Each to their own I personally like to see my palms growing as large as possible without worrying each winter about new protection methods as the palm grows larger and eventually at one point I have to let nature handle . I already made that mistake twice by planting two Queens in a former 8b zone.  It's not a matter of IF it's a matter of WHEN they die.  I already switched to more cold hardier palms I have a few Filiferas planted . They're perfect for our area.  

Digging out a mature palm can be quite costly that can cost you hundreds of dollars per palm in some cases thousands . 

Few years ago lots of Robustas were killed and a lot of home owners didn't remove them.  Looking at dead palms isn't quite the enjoyment IMO it will also become a hazard one day when one storm knocks them down. 

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10 hours ago, MarcusH said:

I honestly can't understand why everyone gets so excited about the updated map . The data is from 1991 to 2020.  February 2021 and December 2022 aren’t even in the calculation.  We had some hard freezes during the last few years . There's no change in gardening . Everyone needs to focus on the low temperatures in their area not just the average.  I can have 9b winters for many years but then it goes down to 8b . Man,  February 2021 we had a warm 7b winter and I'm in a cold 9a zone ( former warm 8b)  . So much for sticking to the USDA map . 

I mean yeah that's just part of the average just because there's a risk of a 7B winter every 10 or so years doesn't mean it's not worth trying some other palms even though they may eventually die to the cold or at least that's how I think of it. I just grow them from seed and protect them from the cold winters until I can't anymore.  

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23 minutes ago, BigBilly said:

I mean yeah that's just part of the average just because there's a risk of a 7B winter every 10 or so years doesn't mean it's not worth trying some other palms even though they may eventually die to the cold or at least that's how I think of it. I just grow them from seed and protect them from the cold winters until I can't anymore.  

There are definitely palms that require no more than a regular ladder, even when mature.

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1 hour ago, MarcusH said:

Each to their own I personally like to see my palms growing as large as possible without worrying each winter about new protection methods as the palm grows larger and eventually at one point I have to let nature handle . I already made that mistake twice by planting two Queens in a former 8b zone.  It's not a matter of IF it's a matter of WHEN they die.  I already switched to more cold hardier palms I have a few Filiferas planted . They're perfect for our area.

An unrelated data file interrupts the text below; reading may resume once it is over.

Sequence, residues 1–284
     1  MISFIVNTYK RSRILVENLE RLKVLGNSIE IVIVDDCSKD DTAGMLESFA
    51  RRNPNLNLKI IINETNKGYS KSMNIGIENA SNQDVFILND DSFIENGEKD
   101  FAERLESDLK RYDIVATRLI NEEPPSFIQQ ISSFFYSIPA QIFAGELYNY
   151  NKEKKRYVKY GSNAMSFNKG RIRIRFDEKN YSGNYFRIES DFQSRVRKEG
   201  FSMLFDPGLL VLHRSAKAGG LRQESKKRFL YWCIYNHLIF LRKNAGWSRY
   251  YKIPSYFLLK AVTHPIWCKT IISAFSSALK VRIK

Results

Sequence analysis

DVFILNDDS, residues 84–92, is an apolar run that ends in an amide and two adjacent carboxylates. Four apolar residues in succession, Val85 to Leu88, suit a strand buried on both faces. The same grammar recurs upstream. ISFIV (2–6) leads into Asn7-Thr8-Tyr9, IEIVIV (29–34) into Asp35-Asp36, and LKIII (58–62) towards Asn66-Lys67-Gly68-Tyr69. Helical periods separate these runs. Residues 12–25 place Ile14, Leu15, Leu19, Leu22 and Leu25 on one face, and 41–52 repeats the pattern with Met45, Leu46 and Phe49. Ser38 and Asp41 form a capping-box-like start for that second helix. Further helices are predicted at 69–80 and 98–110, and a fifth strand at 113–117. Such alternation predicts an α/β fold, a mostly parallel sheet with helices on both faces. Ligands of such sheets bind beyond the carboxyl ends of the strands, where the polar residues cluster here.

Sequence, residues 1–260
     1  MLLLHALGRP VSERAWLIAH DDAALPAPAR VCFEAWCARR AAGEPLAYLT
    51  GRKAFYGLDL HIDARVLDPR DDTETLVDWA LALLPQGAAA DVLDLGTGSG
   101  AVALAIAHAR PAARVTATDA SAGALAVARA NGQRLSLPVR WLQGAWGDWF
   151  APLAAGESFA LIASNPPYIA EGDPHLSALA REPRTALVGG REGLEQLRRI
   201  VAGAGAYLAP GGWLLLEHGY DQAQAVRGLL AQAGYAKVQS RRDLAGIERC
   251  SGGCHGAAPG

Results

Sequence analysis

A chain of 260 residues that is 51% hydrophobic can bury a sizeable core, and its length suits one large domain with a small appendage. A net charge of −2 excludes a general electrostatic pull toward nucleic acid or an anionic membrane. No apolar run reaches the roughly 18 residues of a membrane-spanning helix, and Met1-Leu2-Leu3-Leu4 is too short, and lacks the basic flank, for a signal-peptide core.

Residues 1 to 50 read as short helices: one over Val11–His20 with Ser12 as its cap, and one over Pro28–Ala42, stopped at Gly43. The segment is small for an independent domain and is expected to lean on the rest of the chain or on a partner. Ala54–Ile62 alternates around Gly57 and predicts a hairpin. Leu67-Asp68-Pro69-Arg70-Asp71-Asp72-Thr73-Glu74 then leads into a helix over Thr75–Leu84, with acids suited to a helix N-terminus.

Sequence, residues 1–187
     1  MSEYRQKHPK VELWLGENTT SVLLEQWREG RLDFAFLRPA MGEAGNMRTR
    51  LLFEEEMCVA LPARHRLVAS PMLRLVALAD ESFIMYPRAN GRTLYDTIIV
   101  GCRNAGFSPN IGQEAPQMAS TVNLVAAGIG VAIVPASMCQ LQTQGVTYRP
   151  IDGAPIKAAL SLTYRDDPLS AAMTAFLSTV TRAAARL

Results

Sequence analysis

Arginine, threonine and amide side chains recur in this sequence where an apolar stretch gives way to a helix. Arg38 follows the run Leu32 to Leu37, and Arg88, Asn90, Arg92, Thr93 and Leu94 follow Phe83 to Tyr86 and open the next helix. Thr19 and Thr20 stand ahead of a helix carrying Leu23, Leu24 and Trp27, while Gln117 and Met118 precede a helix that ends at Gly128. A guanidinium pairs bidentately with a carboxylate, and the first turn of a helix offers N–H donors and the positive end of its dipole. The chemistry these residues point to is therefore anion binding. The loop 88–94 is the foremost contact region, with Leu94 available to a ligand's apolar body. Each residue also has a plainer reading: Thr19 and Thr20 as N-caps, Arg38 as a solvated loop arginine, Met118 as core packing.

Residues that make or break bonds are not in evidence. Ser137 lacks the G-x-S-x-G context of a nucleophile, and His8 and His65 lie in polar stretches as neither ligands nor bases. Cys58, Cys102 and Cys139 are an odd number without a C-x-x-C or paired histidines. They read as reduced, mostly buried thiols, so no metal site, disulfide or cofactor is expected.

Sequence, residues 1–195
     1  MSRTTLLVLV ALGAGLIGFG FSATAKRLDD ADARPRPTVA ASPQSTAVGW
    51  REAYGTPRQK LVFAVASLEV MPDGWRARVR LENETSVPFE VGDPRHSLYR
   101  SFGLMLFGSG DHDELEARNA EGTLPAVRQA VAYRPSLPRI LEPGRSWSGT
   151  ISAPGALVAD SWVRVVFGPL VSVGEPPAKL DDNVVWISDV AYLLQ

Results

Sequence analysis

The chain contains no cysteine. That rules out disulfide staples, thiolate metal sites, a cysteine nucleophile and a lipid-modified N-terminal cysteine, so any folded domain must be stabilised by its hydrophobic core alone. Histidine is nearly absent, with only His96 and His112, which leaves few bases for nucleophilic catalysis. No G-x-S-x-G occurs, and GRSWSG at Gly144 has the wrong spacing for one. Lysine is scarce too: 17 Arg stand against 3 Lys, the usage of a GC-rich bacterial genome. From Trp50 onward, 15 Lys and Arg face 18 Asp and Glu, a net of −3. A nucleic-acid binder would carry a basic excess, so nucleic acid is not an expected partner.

Digging out a mature palm can be quite costly that can cost you hundreds of dollars per palm in some cases thousands . 

Few years ago lots of Robustas were killed and a lot of home owners didn't remove them.  Looking at dead palms isn't quite the enjoyment IMO it will also become a hazard one day when one storm knocks them down. 

The dead palms could possibly be a hazard.  I would recommend checking for bats or other wildlife before removing them (as well as making sure the palm IS actually dead, which can take some time to figure out).

Edited by RFun
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50 minutes ago, RFun said:

The dead palms could possibly be a hazard.  I would recommend checking for bats or other wildlife before removing them (as well as making sure the palm IS actually dead, which can take some time to figure out).

After almost 3 years I'm positive they're dead lol.

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The zone rating (z9a, z7b, etc) is the -3 sigma number from the average minimum. Say NC's OBs have an average minimum of 32° with a standard deviation of 3F°. The zone equates to (32 - 9)°F so z9a.

If Asheville has the same average minimum but the standard deviation is 8F°, the zone equates to (32 - 24)°F, so z7b.

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I just looked into the 9A in NC . That inland area of 9A might be the best palm growing area for less hardy palms  in  the state . I think this is the map you were looking for .

IMG_4116.thumb.jpeg.42d1724f5987dc7fd19be966e6b8c3ce.jpeg

Edited by Will Simpson
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24 minutes ago, Will Simpson said:

I just looked into the 9A in NC . That inland area of 9A might be the best palm growing area for less hardy palms  in  the state . I think this is the map you were looking for .

IMG_4116.thumb.jpeg.42d1724f5987dc7fd19be966e6b8c3ce.jpeg

I've looked up some data for OB and apparently there are quite a lot of days with temperatures between 6°F and 15°F degrees within the last 40 years. Good luck on growing less cold hardy palms .  

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I’ve heard of queens and Washingtonia having some success in VA so might as well give them a try. 
 

Phoenix reclinata perhaps too since nothing kills them despite our best efforts in Florida.